I Watched the New Emma Movie 5 times: Here Are My Thoughts

So, quarantine life has been kinda crazy in general and depressing for me personally, but over the weekend I finally got to do something fun: watch the new Emma film with my mom. 


Those who know me know that I really like Jane Austen and her books, and those who know me well know that I LOVE Jane Austen and her books, and those who know me best know that my mother is the same way. When we found out last year that a brand new film of a Jane Austen novel was being released on Valentine’s Day of 2020, we put it on the calendar. We couldn’t go during the first few weeks of showings because, well, lots of reasons, and then the coronavirus hit our area so we washed our hands and stayed home. I had resigned myself to waiting a month or two to watch it on digital when I saw the announcement: Emma was among the movies selected for home release. It was released Friday, we rented it on Saturday night, and for the next two days proceeded to watch it about 5 times (plus all the bits we rewound and rewatched and analyzed in between full sit-downs). My mom’s favorite Emma remains the Kate Beckinsale version, but I think this is my new favorite version. 



If you have not a) read Jane Austen’s Emma, b) seen any version of Emma, c) seen the new 2020 version of Emma, or d) any and/or all of the above, do NOT go any further until you have. I will try not to give away major plot points, but I’m not making any promises. 


Here is why this is my new favorite version of Emma


The characters were perfectly cast, and the actors worked so well together. 


Anya Taylor-Joy portrays the title character perfectly: a rather spoiled, handsome, rich young woman with good intentions, too much time on her hands, and a superiority complex--a truly flawed character. She wants the world to go the way she wants it to and thinks she knows best, despite her dear friend’s attempts to guide her the right way. Enter Mr. Knightley. 


Johnny Flynn plays Knightley with flawless grace and raw emotion (something I don’t often see from him in other portrayals, at least not as strongly). He is angry without being nasty, and he is also kind, sensitive, and wise. Last but not least, Flynn’s Knightley is both ruggedly handsome and charmingly refined; in my opinion, he is the best Knightley I have seen on screen. 


Oh, and he can sing. 


Emma and Mr. Knightley’s friend/relationship is very close, despite their age gap, and the nuances of their relationship are extremely well-played by the actors. (Confession: Emma is not my favorite Austen novel, but Mr. Knightley has long been my favorite Austen love interest.)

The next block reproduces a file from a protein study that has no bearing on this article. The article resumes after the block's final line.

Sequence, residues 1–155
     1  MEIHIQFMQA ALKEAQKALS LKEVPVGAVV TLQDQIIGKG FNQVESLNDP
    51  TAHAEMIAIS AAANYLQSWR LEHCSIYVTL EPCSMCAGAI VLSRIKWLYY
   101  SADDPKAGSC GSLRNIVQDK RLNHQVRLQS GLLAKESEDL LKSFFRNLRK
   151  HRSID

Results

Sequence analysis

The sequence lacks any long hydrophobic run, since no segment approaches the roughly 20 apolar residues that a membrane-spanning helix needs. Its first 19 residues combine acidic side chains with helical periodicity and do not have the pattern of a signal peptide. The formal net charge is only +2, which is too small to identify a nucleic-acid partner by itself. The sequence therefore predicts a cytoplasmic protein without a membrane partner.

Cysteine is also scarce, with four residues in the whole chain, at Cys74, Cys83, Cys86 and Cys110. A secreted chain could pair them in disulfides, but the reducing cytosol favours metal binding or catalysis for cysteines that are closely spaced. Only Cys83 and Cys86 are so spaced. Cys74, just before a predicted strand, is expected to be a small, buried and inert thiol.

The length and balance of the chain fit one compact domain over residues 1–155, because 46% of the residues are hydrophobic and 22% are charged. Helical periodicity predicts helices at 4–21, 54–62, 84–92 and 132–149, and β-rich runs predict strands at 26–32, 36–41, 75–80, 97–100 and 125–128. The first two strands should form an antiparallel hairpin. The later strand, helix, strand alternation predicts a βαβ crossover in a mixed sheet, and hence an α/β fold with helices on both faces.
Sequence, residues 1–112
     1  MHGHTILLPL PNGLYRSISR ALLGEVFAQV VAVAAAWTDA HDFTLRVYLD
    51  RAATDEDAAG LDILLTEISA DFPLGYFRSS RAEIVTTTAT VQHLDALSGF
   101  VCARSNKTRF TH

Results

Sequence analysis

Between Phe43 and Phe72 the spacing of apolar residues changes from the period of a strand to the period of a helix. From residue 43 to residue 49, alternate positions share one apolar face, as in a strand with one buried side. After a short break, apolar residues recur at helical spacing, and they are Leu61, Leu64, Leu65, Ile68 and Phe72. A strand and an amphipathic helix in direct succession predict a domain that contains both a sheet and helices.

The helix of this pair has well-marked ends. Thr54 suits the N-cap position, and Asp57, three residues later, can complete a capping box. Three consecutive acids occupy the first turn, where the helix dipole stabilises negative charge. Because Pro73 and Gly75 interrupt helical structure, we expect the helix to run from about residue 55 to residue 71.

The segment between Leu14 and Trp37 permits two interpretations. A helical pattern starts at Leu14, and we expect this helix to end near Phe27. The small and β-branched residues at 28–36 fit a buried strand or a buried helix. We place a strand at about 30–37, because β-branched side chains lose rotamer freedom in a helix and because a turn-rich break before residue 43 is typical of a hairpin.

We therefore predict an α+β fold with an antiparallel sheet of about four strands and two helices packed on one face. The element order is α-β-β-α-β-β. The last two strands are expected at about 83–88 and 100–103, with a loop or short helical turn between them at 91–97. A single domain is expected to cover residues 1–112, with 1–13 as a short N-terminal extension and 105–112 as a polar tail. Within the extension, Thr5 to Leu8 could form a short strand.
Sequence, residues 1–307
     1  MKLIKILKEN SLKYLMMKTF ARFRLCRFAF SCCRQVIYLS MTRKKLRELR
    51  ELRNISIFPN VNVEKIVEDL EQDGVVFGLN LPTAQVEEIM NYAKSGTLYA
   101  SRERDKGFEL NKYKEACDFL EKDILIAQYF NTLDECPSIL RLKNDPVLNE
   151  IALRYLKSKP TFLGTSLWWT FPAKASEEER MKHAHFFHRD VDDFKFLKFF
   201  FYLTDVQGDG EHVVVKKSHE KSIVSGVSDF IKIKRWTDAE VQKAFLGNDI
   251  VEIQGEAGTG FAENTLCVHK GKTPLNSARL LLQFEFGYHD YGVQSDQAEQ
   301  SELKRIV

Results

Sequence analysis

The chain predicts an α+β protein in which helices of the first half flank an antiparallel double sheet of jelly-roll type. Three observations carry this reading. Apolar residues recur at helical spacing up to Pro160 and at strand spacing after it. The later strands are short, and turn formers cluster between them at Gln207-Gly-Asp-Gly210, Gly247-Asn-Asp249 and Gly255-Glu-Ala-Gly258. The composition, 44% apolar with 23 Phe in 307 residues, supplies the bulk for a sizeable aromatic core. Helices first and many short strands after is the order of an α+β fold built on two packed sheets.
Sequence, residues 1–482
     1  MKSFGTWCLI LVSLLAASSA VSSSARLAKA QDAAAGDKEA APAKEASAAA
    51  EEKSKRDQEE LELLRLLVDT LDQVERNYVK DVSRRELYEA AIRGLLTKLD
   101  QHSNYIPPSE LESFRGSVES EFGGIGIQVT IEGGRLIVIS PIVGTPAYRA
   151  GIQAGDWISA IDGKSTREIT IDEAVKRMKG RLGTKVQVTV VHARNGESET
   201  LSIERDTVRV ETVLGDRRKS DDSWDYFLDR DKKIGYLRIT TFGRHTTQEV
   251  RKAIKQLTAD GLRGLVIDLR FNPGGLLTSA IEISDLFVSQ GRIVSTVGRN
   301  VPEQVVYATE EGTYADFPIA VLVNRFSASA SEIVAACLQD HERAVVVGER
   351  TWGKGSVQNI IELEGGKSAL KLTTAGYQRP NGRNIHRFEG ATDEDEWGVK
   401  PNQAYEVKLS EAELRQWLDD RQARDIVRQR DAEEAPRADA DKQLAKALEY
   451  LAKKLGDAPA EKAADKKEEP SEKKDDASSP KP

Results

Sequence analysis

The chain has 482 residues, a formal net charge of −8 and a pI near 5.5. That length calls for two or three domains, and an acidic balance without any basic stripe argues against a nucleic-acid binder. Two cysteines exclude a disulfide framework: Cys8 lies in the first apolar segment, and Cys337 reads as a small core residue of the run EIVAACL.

As for the other characters, I will try to be brief: Harriet (portrayed by Mia Goth) is delightfully quirky and innocent, Bill Nighy is my favorite Mr. Woodhouse ever (bouncing comedy instead of dragging dreariness), Miranda Hart is a perfect Miss Bates, and Josh O’Connor is both hilarious and a bit creepy as Mr. Elton. 


Next, the music was absolutely fantastic. The soundtrack is by Isobel Waller-Bridge and David Shweitzer and I highly recommend it. I’ve watched the movie and listened to the soundtrack so many times that I can pinpoint what is happening during certain points of each song. It is quite varied, containing opera, hymns, country songs of the times, and dance numbers. It added so much drama and effect and atmosphere to the film. 


The writing and directing for this film is exceptional. I don’t just mean Austen’s novel, that’s a given; I mean that whoever came up with the idea to put a nosebleed in that particular scene was a freaking genius. Also, the eye contact should have an Oscar for itself (though credit for that also goes to the actors), and the choreography of every scene is so fluid and timed so perfectly that I could probably write an essay on it. Autumn de Wilde, I commend you and hope you tackle more Austen projects in the future. 


I could go on, I really could, but it’s time for me to plan my annual Jane Austen marathon. Go watch Emma